Google Sued For Stealing Outlook Migration Tools - HotHardware
Google Sued For Stealing Outlook Migration Tools

Google Sued For Stealing Outlook Migration Tools

It appears the everyone's new favorite borg-like monolith corporation is taking it on the chin once again for overly aggressive go-to-market strategies.  This time allegations have surfaced about how Google treats its technology partners, specifically with respect to IP infringement.  Apparently Chicago-based company LimitNone is claiming Google's partnership with them, as a third party developer brought on to enhance Google products, went awry when they decided to just steal the small software company's technology.  This technology was rolled into a Google Apps product that basically allows users to migrate their MS Outlook email and contacts into gMail products.  LimitNone CEO, Ray Glassman states, "Google claims its core philosophy is Dont be evil but, simply put, they invited us to work with them, to trust them and then stole our technology... we had to take a stand".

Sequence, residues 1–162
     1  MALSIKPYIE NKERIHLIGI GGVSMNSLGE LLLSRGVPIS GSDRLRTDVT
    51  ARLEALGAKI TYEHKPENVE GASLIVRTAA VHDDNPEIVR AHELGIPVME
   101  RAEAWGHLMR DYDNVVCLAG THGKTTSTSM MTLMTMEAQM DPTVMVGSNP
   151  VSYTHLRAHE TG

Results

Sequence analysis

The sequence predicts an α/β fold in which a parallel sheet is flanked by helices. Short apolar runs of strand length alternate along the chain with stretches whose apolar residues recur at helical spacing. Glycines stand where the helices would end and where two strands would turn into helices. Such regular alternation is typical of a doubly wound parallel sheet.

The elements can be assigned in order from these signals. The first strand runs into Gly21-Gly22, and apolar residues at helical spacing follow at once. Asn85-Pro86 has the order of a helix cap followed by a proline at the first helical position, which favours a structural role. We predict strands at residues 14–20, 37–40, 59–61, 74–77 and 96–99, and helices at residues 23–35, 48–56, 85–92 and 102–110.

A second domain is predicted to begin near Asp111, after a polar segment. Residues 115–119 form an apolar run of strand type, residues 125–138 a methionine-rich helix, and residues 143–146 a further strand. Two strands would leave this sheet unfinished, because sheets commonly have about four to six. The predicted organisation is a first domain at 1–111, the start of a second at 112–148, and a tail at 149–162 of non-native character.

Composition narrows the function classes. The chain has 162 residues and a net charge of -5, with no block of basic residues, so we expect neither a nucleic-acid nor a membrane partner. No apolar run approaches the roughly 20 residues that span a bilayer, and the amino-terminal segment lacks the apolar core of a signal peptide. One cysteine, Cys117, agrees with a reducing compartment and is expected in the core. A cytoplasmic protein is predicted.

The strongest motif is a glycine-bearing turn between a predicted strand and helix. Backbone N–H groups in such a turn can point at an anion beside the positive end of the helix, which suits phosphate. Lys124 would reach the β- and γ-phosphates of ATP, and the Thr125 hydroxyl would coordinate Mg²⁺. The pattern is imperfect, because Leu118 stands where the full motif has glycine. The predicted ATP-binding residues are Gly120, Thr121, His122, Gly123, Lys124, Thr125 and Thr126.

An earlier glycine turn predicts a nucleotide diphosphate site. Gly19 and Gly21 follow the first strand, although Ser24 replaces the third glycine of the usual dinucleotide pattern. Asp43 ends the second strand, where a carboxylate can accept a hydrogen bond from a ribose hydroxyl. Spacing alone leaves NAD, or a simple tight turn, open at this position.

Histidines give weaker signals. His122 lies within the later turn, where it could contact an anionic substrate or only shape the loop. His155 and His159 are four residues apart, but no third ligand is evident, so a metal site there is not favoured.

And of course LimitNone's legal team had a few thoughts on the matter as well (with visions of dollar signs dancing in their heads we're sure).  "It's shocking that Google would engage in this type of conduct; particularly when the other party is a small software company that built its business specifically to help Google sell its existing and future products, said Greenspon. People need to realize that Google is just another large publicly traded corporation that will do whatever it takes to increase its revenue, even if that means risking its reputation among developers.

As of late, it certainly seems that Google is a target-rich environment for litigation and that's typically what happens when large corporations get larger and continue to dominate their markets.  When you're so large that one of your products becomes a household name for an entire market of products (let me "Google" this), it's safe to say folks will be gunning for you.  On the flip side, as the old saying goes, where there's smoke there's probably a fire.  We imagine the lawyers will sort through all that though, in painstakingly, costly detail.
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This seems like a distinct possiblity and is a common occurance in big enterprise business but who knows. He said, she said... It all will be settled eventually and cost Google a bit, simply because they can be sued. A cool $1B though? I doubt it... Where's Denny Crane when we need him? Johnny Cockroach anyone?

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